Prices of Shanghai metals fell on Tuesday as the rapid spread of coronavirus infections and shrinking factory activities in top consumer China heightened traders’ concerns of tepid demand.
The most-traded February copper contract on the Shanghai Futures Exchange was down 0.5% at 65,800 yuan ($9,554.09) a tonne, as of 0654 GMT, aluminum dropped 2.4% to 18,240 yuan a tonne and zinc shed 0.9% to 23,500 yuan a tonne.
SHFE nickel was down 0.3% at 228,520 yuan a tonne, tin was flat at 209,170 yuan a tonne and lead fell 0.5% to 15,855 yuan a tonne.
China’s official purchasing managers’ index (PMI) showed factory activity shrank for the third straight month in December and at the sharpest pace in nearly three years as COVID-19 infections swept through production lines across the country.
The private Caixin survey, believed to focus on smaller, export-oriented firms compared with the larger official PMI survey, also showed factory activity shrank at a sharper pace in December after Beijing’s abrupt reversal of anti-virus measures.
The industrial metals markets might not see improving demand and a price rally in the next few months as the headwinds of slow growth will likely dominate the economic landscape for some time.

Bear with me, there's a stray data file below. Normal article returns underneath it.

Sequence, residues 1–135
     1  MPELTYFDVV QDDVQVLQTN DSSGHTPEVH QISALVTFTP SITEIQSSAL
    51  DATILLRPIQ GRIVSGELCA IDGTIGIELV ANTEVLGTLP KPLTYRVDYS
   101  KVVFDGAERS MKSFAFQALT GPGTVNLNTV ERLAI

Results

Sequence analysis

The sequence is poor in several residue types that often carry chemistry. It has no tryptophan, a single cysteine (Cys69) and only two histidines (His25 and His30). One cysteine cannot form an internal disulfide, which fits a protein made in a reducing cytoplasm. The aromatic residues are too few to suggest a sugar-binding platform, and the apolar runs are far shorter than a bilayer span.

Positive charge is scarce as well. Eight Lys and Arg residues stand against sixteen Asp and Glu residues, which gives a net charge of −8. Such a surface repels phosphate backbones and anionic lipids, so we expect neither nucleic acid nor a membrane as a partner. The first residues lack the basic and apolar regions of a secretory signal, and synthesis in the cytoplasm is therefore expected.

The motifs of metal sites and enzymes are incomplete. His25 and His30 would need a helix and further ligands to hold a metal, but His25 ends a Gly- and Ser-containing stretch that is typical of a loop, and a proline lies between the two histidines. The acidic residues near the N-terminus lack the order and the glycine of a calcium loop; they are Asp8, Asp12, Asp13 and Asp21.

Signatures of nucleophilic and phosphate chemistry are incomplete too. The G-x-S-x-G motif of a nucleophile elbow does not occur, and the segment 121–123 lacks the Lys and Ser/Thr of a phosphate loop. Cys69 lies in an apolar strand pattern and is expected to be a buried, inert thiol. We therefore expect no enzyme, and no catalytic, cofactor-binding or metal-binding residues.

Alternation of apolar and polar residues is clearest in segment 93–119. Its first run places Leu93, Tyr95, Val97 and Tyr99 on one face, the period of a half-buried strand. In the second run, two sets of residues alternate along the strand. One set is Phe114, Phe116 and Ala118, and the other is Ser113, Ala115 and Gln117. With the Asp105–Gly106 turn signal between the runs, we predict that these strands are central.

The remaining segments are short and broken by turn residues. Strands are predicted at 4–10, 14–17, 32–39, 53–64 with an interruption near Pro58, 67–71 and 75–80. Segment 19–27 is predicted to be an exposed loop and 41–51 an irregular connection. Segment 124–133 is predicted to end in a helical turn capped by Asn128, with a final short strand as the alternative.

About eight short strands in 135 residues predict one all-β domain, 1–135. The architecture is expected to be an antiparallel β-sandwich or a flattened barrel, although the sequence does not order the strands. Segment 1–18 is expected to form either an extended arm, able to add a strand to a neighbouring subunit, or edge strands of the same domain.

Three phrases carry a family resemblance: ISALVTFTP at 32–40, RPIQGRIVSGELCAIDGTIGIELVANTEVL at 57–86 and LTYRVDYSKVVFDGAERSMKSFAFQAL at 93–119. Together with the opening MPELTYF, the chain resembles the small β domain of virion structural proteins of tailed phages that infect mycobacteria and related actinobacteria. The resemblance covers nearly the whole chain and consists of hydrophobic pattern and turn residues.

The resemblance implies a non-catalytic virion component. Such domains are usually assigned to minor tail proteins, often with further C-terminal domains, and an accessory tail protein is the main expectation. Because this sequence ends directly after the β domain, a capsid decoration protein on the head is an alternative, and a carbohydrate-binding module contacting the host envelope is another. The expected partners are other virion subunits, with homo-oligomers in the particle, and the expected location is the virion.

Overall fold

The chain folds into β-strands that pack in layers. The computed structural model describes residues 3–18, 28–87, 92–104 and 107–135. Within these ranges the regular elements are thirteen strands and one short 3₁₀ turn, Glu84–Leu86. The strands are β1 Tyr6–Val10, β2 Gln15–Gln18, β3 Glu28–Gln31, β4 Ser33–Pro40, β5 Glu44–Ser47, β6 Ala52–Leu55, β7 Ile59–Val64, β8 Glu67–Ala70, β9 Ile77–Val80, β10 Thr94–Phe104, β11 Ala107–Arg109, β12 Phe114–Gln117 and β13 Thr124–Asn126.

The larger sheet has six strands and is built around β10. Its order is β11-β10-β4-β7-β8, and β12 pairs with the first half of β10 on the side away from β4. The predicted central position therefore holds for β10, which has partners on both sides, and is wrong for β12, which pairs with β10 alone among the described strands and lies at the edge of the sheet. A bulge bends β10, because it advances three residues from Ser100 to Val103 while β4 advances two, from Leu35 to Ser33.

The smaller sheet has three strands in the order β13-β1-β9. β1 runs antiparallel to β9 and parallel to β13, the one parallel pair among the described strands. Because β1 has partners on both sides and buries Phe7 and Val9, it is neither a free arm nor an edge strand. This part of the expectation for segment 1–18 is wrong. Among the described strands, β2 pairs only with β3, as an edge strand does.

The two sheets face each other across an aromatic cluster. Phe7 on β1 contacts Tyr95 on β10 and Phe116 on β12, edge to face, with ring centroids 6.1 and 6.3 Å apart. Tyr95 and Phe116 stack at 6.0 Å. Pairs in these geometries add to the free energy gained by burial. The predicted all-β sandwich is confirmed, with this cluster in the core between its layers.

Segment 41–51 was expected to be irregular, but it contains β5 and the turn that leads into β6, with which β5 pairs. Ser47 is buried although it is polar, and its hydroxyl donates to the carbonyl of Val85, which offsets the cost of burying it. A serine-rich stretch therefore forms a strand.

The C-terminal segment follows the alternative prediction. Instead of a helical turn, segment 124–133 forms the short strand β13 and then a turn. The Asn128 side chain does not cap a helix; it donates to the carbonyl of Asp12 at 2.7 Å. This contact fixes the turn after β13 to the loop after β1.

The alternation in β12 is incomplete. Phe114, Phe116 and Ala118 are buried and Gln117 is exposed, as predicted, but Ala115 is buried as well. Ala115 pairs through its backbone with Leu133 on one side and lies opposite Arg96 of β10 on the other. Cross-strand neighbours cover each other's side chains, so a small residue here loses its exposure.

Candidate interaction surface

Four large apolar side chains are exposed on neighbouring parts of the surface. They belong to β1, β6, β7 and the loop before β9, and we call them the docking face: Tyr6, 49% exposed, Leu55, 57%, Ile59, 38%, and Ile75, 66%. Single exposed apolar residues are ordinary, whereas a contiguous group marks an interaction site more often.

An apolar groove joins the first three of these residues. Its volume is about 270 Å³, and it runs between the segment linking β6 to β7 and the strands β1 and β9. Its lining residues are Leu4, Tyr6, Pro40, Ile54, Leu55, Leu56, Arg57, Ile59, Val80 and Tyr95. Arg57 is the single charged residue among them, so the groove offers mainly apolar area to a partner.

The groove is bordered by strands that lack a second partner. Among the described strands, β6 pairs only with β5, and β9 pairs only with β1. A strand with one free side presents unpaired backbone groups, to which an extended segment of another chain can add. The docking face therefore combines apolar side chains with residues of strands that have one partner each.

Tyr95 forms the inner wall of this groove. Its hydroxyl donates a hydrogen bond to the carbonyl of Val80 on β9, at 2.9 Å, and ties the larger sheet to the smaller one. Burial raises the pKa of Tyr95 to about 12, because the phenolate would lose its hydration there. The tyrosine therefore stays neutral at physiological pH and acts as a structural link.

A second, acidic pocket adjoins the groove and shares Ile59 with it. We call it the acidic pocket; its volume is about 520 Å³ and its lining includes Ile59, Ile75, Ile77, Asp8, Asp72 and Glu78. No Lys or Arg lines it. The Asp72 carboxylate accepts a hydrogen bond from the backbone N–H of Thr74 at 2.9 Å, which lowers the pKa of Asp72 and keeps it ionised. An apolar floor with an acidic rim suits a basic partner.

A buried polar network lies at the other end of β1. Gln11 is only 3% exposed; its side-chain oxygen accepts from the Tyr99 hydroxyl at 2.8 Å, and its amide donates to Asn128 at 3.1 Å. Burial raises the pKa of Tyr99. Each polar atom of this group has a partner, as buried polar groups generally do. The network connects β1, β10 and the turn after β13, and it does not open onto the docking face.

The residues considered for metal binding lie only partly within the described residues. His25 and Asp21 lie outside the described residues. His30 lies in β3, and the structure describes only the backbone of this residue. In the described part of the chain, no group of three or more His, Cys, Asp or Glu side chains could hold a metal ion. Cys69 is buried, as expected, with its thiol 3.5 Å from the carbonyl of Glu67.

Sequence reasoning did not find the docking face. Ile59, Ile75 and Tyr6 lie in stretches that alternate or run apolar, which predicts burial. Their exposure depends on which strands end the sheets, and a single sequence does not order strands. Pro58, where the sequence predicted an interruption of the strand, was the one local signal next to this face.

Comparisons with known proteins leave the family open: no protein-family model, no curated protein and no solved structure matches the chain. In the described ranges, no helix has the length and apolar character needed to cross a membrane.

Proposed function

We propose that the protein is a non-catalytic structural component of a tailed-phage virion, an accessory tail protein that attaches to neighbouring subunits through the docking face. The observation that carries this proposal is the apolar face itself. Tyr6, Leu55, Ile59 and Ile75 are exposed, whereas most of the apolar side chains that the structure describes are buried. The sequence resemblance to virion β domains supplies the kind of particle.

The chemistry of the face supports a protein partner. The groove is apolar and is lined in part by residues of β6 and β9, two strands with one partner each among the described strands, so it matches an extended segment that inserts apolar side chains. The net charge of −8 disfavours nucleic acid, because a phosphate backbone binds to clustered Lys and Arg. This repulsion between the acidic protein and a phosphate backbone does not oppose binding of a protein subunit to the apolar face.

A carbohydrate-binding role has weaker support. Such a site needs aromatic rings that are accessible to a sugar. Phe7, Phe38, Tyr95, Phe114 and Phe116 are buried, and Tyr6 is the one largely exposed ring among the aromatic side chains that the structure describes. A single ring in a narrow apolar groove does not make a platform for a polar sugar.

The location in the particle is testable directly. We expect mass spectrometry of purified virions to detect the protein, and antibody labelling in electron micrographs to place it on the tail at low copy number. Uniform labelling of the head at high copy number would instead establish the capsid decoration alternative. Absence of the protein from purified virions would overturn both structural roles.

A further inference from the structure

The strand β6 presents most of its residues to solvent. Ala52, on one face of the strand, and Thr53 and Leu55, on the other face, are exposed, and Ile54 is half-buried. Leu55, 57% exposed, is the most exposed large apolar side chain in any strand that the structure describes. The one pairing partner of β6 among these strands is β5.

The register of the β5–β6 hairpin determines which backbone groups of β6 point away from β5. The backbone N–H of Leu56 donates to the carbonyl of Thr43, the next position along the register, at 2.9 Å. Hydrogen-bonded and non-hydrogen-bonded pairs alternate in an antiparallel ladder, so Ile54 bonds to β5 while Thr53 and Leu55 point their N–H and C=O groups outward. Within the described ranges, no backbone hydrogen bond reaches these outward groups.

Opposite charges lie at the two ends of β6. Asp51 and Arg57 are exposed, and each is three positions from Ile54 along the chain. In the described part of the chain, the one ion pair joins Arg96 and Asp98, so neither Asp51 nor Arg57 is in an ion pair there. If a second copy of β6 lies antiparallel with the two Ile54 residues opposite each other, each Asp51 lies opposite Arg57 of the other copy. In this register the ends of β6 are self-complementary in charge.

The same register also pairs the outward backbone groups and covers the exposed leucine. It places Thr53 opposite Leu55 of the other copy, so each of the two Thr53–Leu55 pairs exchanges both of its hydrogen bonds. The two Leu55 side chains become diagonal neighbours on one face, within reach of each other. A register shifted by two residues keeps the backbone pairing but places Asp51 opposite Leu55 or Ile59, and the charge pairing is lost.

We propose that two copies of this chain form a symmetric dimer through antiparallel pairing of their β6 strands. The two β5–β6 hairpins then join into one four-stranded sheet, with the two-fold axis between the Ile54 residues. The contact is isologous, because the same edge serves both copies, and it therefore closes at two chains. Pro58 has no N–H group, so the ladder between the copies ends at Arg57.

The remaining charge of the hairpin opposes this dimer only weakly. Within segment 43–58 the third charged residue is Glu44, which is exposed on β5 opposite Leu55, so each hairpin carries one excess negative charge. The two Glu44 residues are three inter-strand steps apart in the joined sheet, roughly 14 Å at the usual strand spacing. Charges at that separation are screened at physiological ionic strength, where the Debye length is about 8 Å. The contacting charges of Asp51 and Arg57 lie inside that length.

“The consumption (of copper in China) is currently entering the seasonal consumption off-season,” said Huatai Futures in a report.
Yangshan copper premium
“But the recent disturbance to the domestic economy by the spread of the epidemic has begun to show signs of decline, and the economy is bottoming ou,” it added.
The dropping of China’s stringent “zero-COVID” measures had sparked some hopes for better economic activities in the world’s biggest metals consuming market.
Three-month copper on the London Metal Exchange (LME) rose 1.3% to $8,484 a tonne, reversing two sessions of losses.
LME aluminum increased 0.3% to $2,385 a tonne, tin advanced 2% to $25,300 a tonne, zinc was up 1.4% at $3,013 a tonne, while lead declined 0.9% to $2,272.50 a tonne.
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($1 = 6.8871 yuan) (Reporting by Mai Nguyen in Hanoi; Editing by Sherry Jacob-Phillips)